Los Angeles has a lot going for it when it comes to theater. It's filled with creative types, has a large and vocal 99-seat theater scene, is home to some heavyweight large theaters putting on big-budget productions and is crawling with successful TV and film actors who enjoy doing stage work.
Why, then, do so many of the country's coolest shows — including Annie Baker's The Flick and Nick Payne's Constellations — take such a long time, if ever, to get here? Part of the reason could be that L.A. doesn't have a theater company that's almost exclusively devoted to second stagings, like Second Stage in New York or Studio Theatre in D.C. While many cities tend to have a few “edgy” companies that do the highest-profile buzzy shows, L.A. has a plethora of edgy companies in the 99-seat scene — which could perhaps result in a diffusion of responsibility.
We posed the question to playwrights across the country who craft cutting-edge work and to theater companies in L.A. that have bucked the trend and brought unorthodox plays here.
Ayad Akhtar, who wrote Disgraced, the winner of the 2013 Pulitzer Prize for Drama (and one of the shows on the Mark Taper Forum's schedule for 2016), points out that playwrights have “little to no” control over where their plays get performed. Madeleine George, who wrote The (Curious Case of the) Watson Intelligence, a finalist for the 2014 Pulitzer, agrees, explaining, “After the first production, basically, if the play gets published, it gets licensed by a publishing company, then they can send the play wherever they want and anyone who’s interested in doing it, if they pay the royalty fee, then they can perform it.”
In most cases, the licensing process happens early in the play's life. But George, who licensed Watson Intelligence to Samuel French after it premiered off-Broadway in 2013, says that other writers sometimes will hold onto the rights to their plays for a few productions, so they have more say over the play's trajectory. This happened with Clybourne Park, which played off-Broadway in 2010, then went to a few regional theaters nationwide before a pre-Broadway run at the Taper much later, in 2012.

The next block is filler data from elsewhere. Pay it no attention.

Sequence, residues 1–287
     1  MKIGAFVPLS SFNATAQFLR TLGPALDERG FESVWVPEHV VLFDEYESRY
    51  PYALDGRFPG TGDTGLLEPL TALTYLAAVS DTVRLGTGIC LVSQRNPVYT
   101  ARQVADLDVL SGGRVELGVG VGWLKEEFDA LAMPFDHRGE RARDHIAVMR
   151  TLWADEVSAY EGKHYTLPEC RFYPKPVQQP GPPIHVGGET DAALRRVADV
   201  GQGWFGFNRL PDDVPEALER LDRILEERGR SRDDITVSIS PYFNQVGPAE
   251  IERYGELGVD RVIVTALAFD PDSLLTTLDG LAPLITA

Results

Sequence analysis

“You can choose never to put it in the hands of a licensor,” George says, “but from my perspective, it’s great to have the play out there and available.”
Branden Jacobs-Jenkins, who wrote both An Octoroon (one of New York's most buzzed-about plays of 2014) and 2014's Appropriate (the next show on the docket for the Taper), says, “I’m sort of at a place where I’m letting [my plays] be done where people want to do them,” admitting: “I don’t know every theater in America.”
Some playwrights, like Sheila Callaghan, have a strong presence in L.A., but many others, like Jacobs-Jenkins and Akhtar, don't. When he was developing his shows, Akhtar explains, he simply wasn't thinking about an L.A. run.
“It’s just the peculiarity of me not having any relationships in Los Angeles,” Akhtar says. “I didn’t know any artistic directors there and wasn’t on the radar at any of the theaters when stuff started to happen.”
The fact that L.A.'s 99-seat scene is a hotbed for world premieres can actually hurt the local theater scene. The plethora of plays in a rush to premiere often aren't ready for primetime, resulting in plenty of poor reviews. Even L.A.'s top fare at 99-seat theaters can get overlooked; 2012 Pulitzer winner Water by the Spoonful had its West Coast premiere at the Los Angeles Theatre Center last fall, but to limited fanfare.